Our committees have been working on a number of Scottish Parliament and UK Parliamentary Bills and consultations including the Proposed Children (Equal Protection from Assault) (Scotland) Bill, Civil Litigation (Expenses and Group Proceedings) (Scotland) Bill and Brexit.
The Constitutional Law Committee responded to the UK Government and the EU Commission position papers in relation to judicial and administrative proceedings that are ongoing at the point of exit from the European Union.
We believe that it is critically important for the UK Government and EU Commission to consider the needs of litigants with cases going before the Court of Justice of the European Union (CJEU) prior to Brexit. Neither paper has taken full account of the needs of court litigants and there is a need to adopt a principle-led approach to the reforms to ensure that people taking cases to the CJEU would not be adversely affected.
We are concerned that there appears to be a mismatch between the two position papers and it will be essential to ensure that any gaps are addressed. It is our view that the negotiations on such important matters must be underpinned by the rule of law and achieve justice for litigants involved in cases going before the CJEU. We have concerns that there is no provision in the UK and EU position papers to deal with cases pending before the CJEU at exit day, meaning litigants or potential litigants in that situation would lack certainty about how their cases would progress.
We have also said that even once the UK has left the EU, there will still be a need for a determination on applicable EU law in relation to some cases, although the UK will no longer have recourse to the CJEU. It is critically important that all current and pending cases are identified quickly, and that they, in addition to any new cases, are dealt with using adequate transitional arrangements, rather than being left to go through the CJEU system and risk not being heard by exit day.
The Criminal and Family Law Committees responded to the proposed Children (Equal Protection from Assault) (Scotland) Bill.
We believe that removing the common law defence of ‘reasonable chastisement’ would bring greater clarity in the law by eliminating any need to interpret or define ‘reasonableness’ in the context of a physical assault on a child, and provide children with the same protection under the law as adults.
We also feel that the proposed bill would help to bring Scotland in line with its international obligations. The international legal community is clear that corporal punishment is not in keeping with the present day understanding of human rights. Physical punishment of children is now unlawful in 52 countries around the world and by retaining the common law defence of reasonable chastisement, the law in Scotland signals that some forms of assault against children are acceptable.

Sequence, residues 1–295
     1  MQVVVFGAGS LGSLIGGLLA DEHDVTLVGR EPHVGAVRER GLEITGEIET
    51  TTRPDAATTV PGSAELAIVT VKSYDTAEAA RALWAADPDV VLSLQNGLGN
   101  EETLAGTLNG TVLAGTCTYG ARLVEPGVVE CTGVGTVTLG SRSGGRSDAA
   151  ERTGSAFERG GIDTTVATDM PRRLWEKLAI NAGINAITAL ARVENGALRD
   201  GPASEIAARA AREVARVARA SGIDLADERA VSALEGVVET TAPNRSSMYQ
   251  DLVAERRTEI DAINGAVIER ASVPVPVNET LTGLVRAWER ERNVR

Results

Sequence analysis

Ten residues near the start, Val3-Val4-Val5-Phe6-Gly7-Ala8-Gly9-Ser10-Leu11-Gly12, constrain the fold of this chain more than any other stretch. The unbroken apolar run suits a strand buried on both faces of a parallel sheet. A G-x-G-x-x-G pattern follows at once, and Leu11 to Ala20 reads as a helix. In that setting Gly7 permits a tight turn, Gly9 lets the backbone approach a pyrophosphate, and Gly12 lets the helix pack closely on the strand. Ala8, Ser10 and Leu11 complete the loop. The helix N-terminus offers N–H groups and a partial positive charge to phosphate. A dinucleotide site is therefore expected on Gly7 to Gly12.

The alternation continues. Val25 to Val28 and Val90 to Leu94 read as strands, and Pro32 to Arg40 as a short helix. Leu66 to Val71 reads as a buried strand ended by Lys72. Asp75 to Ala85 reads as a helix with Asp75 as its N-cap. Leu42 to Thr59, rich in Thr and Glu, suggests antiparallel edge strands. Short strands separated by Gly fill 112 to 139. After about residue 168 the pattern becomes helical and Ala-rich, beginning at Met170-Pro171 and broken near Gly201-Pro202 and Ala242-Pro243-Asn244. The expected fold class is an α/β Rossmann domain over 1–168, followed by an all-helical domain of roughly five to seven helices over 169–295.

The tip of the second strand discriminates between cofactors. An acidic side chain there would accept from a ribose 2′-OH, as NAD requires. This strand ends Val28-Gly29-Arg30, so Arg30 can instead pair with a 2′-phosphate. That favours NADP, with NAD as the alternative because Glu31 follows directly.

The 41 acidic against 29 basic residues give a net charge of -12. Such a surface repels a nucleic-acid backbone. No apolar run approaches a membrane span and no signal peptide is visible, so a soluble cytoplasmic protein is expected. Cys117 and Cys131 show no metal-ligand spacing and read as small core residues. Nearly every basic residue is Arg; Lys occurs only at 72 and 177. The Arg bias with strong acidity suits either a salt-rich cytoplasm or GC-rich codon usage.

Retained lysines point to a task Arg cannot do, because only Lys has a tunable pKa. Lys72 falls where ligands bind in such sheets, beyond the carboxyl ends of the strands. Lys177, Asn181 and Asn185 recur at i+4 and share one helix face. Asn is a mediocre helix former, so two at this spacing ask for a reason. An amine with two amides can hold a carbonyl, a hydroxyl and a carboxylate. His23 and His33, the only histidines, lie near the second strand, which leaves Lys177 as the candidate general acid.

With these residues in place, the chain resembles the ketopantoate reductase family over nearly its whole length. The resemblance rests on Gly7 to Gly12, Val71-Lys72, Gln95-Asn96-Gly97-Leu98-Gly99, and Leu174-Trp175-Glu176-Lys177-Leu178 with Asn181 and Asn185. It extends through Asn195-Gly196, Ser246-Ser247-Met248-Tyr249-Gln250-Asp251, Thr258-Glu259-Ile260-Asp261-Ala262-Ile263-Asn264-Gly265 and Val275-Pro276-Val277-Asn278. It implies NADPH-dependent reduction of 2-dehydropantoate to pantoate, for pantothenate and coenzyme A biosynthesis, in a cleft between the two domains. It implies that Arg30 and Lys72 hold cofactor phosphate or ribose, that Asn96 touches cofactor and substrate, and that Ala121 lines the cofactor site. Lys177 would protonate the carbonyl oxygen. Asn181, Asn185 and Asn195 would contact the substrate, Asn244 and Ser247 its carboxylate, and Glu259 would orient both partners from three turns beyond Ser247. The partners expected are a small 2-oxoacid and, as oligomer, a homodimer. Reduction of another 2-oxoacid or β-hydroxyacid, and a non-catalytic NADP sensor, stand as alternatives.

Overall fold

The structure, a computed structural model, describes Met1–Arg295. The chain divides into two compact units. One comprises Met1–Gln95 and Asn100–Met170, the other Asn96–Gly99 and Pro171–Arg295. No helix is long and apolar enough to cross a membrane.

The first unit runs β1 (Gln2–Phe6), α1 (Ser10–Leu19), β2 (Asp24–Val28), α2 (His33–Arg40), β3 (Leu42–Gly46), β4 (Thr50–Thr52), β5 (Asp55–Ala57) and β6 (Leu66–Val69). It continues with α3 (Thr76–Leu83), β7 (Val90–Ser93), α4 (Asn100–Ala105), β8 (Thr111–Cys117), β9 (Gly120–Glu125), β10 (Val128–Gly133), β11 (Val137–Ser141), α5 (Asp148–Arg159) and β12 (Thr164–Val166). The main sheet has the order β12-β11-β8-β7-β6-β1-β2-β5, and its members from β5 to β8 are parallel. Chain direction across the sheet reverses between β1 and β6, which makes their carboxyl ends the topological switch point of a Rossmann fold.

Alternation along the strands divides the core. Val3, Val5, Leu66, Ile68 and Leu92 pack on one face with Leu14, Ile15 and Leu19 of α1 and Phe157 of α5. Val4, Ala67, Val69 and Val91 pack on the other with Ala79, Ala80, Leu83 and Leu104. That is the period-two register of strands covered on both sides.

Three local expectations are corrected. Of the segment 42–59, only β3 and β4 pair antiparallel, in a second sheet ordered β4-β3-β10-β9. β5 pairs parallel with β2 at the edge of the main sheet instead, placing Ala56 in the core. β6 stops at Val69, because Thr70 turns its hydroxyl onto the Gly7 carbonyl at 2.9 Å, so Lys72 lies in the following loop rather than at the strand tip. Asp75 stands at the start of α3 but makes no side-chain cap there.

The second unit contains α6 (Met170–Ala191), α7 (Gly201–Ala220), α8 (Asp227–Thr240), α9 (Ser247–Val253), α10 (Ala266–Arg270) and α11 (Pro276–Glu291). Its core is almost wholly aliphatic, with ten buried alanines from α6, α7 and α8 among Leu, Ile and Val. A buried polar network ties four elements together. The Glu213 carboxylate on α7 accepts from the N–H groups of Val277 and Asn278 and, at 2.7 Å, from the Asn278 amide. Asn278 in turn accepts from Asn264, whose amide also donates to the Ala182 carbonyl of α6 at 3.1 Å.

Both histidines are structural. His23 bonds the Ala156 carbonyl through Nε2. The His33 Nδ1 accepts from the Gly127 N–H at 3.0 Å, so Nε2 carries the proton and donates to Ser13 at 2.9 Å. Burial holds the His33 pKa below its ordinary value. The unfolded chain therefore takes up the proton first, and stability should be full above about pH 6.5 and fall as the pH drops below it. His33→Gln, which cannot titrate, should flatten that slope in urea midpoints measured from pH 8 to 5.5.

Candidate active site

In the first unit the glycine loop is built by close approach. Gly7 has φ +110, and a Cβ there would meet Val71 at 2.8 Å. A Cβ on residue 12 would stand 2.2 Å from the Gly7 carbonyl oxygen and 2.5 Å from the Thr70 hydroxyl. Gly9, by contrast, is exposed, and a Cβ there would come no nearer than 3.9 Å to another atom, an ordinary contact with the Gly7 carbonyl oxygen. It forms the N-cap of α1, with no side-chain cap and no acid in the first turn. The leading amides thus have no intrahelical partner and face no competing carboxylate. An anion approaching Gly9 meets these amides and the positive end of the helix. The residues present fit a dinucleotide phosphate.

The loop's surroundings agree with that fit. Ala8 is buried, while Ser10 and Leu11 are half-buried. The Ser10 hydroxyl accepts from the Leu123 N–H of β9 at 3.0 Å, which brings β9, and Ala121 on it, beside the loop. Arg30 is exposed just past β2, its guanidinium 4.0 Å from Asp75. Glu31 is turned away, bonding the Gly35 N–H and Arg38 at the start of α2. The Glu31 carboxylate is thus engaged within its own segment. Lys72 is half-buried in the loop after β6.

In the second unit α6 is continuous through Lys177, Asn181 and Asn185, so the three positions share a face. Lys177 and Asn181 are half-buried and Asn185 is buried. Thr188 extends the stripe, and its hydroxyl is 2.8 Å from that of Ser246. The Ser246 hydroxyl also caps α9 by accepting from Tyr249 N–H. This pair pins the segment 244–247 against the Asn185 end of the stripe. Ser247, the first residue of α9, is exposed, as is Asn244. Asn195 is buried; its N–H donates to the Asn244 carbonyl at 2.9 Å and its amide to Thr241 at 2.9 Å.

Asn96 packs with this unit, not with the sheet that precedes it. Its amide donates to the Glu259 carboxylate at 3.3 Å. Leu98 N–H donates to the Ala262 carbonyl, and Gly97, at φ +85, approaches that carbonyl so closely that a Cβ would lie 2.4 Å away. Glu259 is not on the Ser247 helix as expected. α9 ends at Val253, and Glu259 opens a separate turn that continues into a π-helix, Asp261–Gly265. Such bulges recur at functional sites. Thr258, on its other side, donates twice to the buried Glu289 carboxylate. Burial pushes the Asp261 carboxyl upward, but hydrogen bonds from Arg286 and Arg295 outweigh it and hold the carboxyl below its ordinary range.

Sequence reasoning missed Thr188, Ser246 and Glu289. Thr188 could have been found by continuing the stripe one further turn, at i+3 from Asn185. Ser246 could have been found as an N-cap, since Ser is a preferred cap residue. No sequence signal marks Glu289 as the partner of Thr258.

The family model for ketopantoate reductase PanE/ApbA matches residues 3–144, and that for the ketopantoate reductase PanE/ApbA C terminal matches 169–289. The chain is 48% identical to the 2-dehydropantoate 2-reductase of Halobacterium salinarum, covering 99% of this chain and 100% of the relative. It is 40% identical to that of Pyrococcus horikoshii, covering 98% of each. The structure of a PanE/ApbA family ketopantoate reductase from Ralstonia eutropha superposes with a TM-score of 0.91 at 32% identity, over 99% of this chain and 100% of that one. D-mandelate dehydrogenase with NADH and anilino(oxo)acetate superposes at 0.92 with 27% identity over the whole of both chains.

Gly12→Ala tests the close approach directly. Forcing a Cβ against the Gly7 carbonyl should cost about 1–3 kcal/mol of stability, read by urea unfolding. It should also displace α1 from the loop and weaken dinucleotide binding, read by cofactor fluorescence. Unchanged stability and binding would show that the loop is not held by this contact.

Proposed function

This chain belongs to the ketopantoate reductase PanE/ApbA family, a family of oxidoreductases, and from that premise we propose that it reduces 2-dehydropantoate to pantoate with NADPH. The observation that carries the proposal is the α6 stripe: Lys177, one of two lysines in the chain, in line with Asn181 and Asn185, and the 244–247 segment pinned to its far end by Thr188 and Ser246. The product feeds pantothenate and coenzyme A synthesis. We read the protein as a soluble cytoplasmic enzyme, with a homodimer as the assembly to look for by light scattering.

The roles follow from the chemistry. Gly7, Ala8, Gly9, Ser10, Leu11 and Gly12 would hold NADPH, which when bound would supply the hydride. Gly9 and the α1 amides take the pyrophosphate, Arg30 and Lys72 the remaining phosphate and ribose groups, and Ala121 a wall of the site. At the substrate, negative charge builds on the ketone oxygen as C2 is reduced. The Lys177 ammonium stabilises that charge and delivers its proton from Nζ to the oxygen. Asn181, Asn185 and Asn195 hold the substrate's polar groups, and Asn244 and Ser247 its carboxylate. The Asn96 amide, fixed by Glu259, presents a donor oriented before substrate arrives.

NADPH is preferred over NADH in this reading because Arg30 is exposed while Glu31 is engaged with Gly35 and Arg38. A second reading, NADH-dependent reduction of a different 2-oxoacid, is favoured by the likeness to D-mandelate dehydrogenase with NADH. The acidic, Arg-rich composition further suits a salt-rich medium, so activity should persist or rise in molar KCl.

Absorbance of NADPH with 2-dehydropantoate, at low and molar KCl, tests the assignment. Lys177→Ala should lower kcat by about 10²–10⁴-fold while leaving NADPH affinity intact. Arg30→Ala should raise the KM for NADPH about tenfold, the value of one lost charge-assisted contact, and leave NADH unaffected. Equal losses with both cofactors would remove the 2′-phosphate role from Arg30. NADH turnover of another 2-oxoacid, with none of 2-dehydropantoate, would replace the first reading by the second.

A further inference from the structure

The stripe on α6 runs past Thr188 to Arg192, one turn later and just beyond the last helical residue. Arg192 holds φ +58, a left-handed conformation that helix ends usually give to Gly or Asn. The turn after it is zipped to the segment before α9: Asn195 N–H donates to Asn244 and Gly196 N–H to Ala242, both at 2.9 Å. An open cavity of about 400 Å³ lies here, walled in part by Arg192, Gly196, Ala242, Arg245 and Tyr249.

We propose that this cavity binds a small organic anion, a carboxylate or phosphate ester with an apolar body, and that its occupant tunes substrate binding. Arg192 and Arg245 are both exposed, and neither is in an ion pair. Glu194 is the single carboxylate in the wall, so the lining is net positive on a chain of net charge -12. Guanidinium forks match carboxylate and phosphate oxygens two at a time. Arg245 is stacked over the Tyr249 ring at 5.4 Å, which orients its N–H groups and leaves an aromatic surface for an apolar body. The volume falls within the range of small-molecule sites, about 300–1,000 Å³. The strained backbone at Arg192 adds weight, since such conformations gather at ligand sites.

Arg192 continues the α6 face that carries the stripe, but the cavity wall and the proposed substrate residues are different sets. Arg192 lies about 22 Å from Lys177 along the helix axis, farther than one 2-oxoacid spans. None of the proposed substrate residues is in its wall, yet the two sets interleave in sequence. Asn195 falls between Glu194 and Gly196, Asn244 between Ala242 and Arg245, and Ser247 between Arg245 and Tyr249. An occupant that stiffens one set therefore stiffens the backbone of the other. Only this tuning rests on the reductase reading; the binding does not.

The UK is signatory to and has ratified the United Nations Convention on the Rights of the Child, however the UN Human Rights Committee and UN Committee on the Rights of the Child, have both stressed that the law in the United Kingdom is falling short when it comes to the protection of children. They have called for the law to be reformed as a matter of priority to put an end to corporal punishment in all settings, including the home.
The Civil Justice Committee responded to the Scottish Parliament’s Justice Committee call for evidence on the Civil Litigation (Expenses and Group Proceedings) (Scotland) Bill.
We believe that the Bill has the potential to significantly increase access to justice. However, it is difficult to gauge the full impact of the Bill, as many of the details of the provisions will be made at a later stage and we have encouraged greater certainty on behalf of our members.
In the report by Sheriff Principal Taylor, reference was made to the Contingent Legal Aid Fund and we have raised concerns that there is no reference to the Fund in the Bill. We have also raised concerns with the wording of section 10 and believe that the current draft may have unintended consequences. We agree with the basic proposals for group proceedings under section 17 and have suggested that a system which proceeds on the basis of “opt in” would be a positive development and should work for solicitors in practice.
The Banking, Company and Insolvency Committee, Intellectual Property Committee, Obligations Committee and the Rural Affairs Committee submitted a joint response to the Scottish Law Commission’s call for evidence on the draft Moveable Transactions (Scotland) Bill.
We responded fully to the Commission’s initial consultation in 2011 and since then a number of our Committee members have provided detailed input to the Commission’s work on an ongoing basis.
We are aware that there is strong support for these changes across the profession and would encourage the Scottish Government to bring forward legislation in this area in line with the Commission’s recommendations. The time dedicated by many legal professionals to the Commission’s reform project is further proof of the importance of the reforms to ensure that the Scottish legal system is fit for purpose and reflects modern commercial realities, in particular in relation to the increasingly electronic nature of communications and commercial transactions.
We consider that the Bill as a whole presents a modern, balanced and practical set of reforms that should provide benefits to Scottish businesses - including, and perhaps especially, SMEs - while protecting consumers. We also welcome the making of specific provision for entities actually or potentially subject to insolvency proceedings.